In the second part of a guide to reducing the stress of travel , ARTHUR GOLDSTUCK offers practical tools for avoiding cellphone bill-shock on return.
One of the most traumatic moments in overseas travel is the cellphone bill that arrives well after the trip is over. ‚”Bill-shock‚” is the term that’s emerged to describe the effect of exorbitant roaming charges on data. The costs are based on ‚”reciprocal‚” agreements between networks, but that is really a euphemism for mutually exploiting customers.
The European Union has clamped down on this abuse. In July 2012, it mandated a price cap on roaming charges within member countries. But, because its jurisdiction does not extend beyond its members, it allows them to continue ripping off foreign visitors.
The typical cost of international roaming for Vodacom customers is R128 per Megabyte (MB) of data downloaded. For MTN customers, it is a relative bargain at a ‚”mere‚” R108 per MB.
The roaming rates for MTN are quoted in increments of R2,70 per 25kb. Multiply that by 40 to get the real rate.
Vodacom’s website, under a heading that reads ‚”Why should I use data roaming?‚”, blithely soothes the customer with this line: ‚”You will receive real-time Data Roaming notifications which will be sent to you at every R5000 of data spent.‚”
Talk about ‚”ouch‚”. The question is, what to do about it?
The previous column in this series looked at how to make travel more convenient. This time, it’s about how to save as much as the cost of the plane ticket.
The most obvious advice, but not always the easiest to follow, is to buy a local SIM card. This is not ideal for business travellers who need to be contactable on their normal numbers, or if they have to spend so much time trying to find the appropriate SIM deal and a store – that they lose valuable productive time.
The solution to keeping your number is to obtain a portable WiFi router, such as the Vodafone R205 WiFi Router (R879) or Huawei E5331 (R998) or E585 Router. These are usually available on contract, but can also be bought upfront. Then, a local SIM card with data included can be inserted into the router, and both phone and tablet or laptop can be connected to the router simultaneously.
In some cases, you can insert the SIM into a phone and set it up as a WiFI hotspot. It’s called tethering, and many networks specifically don’t allow it on their pre-paid SIMs.
The best pre-paid data deals I’ve come across for key travel destinations are:
United Kingdom: the 3 network (three.co.uk) offers a pre-paid SIM for ‚Ç¨15, which includes 300 voice minutes, 3000 SMSs and ‚Ä¶ unlimited data. You can buy the SIM card from a vending machine at Heathrow airport when you land. The price there is ‚Ç¨20, but it comes with adaptors for the three main sizes of SIM slots on smartphones. The 3 SIM won’t work as a hotspot on a phone, but provides unlimited data when used in a portable WiFi router.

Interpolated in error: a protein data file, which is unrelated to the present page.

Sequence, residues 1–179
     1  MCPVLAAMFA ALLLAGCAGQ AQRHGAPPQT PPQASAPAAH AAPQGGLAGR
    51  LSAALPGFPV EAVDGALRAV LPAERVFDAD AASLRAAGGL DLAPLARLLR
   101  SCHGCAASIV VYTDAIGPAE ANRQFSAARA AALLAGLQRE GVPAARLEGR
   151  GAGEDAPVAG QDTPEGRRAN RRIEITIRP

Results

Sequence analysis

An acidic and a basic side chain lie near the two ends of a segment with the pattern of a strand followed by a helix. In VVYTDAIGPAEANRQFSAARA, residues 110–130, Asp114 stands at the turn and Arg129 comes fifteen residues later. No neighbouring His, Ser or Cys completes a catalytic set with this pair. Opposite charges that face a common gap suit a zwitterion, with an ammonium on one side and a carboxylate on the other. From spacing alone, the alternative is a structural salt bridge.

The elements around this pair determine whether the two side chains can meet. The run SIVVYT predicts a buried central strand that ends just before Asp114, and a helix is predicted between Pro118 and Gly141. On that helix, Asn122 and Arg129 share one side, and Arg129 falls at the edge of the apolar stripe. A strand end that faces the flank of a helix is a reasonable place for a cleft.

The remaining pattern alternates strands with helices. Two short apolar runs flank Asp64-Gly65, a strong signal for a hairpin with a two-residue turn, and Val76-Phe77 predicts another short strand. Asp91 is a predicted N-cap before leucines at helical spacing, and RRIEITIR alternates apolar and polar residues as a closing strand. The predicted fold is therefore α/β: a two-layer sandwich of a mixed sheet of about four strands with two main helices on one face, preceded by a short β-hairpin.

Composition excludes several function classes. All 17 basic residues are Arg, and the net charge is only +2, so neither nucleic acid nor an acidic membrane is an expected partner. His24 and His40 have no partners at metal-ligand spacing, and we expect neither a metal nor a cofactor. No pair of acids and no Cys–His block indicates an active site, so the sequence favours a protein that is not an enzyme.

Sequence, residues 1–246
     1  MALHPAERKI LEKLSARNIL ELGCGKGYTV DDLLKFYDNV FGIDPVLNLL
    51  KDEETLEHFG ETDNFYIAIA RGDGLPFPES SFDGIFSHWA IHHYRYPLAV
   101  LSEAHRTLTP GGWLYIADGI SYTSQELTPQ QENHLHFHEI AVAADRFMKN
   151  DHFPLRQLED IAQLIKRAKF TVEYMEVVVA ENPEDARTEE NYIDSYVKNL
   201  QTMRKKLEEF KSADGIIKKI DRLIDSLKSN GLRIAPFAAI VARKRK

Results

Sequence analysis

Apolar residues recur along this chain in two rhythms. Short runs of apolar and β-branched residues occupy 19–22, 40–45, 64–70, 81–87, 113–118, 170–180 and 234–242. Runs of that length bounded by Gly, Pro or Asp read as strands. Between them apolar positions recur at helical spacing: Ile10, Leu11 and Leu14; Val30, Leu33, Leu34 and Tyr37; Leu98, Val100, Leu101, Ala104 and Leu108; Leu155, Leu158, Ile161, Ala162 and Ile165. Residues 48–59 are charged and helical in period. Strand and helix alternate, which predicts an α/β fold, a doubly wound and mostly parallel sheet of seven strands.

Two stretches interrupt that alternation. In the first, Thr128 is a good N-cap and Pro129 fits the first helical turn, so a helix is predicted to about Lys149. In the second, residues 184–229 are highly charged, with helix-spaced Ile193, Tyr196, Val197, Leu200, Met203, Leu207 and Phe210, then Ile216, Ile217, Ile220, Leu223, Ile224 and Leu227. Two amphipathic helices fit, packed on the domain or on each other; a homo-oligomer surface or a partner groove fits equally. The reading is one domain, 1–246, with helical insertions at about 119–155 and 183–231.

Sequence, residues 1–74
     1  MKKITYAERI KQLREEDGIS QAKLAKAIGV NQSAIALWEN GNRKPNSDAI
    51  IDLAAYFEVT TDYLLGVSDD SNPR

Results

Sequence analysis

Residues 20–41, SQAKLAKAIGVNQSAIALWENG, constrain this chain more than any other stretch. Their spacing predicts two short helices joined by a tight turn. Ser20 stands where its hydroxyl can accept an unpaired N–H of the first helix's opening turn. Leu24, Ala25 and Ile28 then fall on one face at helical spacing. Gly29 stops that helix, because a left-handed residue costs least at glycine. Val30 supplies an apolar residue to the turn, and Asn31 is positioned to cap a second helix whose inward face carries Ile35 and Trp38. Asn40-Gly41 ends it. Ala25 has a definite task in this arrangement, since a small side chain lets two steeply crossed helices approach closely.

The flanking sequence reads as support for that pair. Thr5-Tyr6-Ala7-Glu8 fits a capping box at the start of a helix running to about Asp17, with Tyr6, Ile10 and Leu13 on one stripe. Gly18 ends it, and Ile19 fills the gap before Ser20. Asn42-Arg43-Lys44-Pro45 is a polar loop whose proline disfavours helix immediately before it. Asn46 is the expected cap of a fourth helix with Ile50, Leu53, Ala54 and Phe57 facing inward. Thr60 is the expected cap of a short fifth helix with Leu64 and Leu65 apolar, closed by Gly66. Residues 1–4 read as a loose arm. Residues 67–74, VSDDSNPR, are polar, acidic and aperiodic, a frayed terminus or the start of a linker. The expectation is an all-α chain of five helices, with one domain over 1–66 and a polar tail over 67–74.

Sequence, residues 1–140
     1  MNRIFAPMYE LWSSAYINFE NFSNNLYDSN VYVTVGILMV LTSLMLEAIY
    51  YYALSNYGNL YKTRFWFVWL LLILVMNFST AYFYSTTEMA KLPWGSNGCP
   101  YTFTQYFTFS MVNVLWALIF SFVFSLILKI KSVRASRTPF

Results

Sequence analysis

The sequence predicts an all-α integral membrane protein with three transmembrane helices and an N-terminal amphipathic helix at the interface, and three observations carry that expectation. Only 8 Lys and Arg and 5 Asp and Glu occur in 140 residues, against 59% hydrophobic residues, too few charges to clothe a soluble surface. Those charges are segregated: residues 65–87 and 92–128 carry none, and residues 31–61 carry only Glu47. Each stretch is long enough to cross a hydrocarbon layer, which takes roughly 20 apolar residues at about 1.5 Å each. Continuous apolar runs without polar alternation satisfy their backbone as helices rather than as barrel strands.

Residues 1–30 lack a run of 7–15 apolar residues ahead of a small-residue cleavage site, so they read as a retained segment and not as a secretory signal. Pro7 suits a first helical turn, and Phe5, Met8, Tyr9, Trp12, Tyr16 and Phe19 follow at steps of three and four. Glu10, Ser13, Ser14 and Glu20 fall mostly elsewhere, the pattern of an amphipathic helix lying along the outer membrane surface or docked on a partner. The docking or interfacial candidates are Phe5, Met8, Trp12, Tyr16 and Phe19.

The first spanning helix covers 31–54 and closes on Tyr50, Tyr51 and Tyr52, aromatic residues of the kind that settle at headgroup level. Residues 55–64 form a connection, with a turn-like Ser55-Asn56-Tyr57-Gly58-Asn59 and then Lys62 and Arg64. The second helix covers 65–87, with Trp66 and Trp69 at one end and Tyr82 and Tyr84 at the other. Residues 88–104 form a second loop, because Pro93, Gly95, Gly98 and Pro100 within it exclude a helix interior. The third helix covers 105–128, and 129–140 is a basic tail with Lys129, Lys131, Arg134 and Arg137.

United States: T-Mobile (t-mobile.com) offers a Pay By the Day option, which provides unlimited data for $3 a day. It’s paid upfront in multiples of $10, $25 and $50, and credit is only used on days the service is used. Only the first 200MB used per day is accessed at 4G speed, though: after that, the user is throttled down to a lower speed. The package includes unlimited talk and SMSs if you’re using it in a phone.
The beauty of both the UK and US options is that there is no hassle about topping up or going back to the beginning when you reach a cap.
If getting a SIM card in every country is too much for you, a locally-originated option is offered by execMobile (execmobile.co.za). It isn’t cheap, but it isn’t bill-shock either. It provides an online account management portal and a post-paid roaming service that uses global partners who’ve negotiated ‚”near local rates‚” in various countries. That translates into R8.50 per MB for ad hoc use in the USA, but opting for a large bundle upfront can bring it down to as little as 26c below ad hoc charges in South Africa.
A package called GigaZONE offers bundles starting from R2.49 per MB for Europe and R4.99 for most other countries, including 21 in Africa. Still expensive? Not for the time-stretched executive, says execMobile founder Craig Lowe.
‚”For corporate travellers who travel with multiple devices and may do multiple countries on a trip or make several trips in a year, the convenience outweighs the costs.‚”
* Readers are invited to make their own suggestions for sites, resources and options to reduce the cost of international data roaming.
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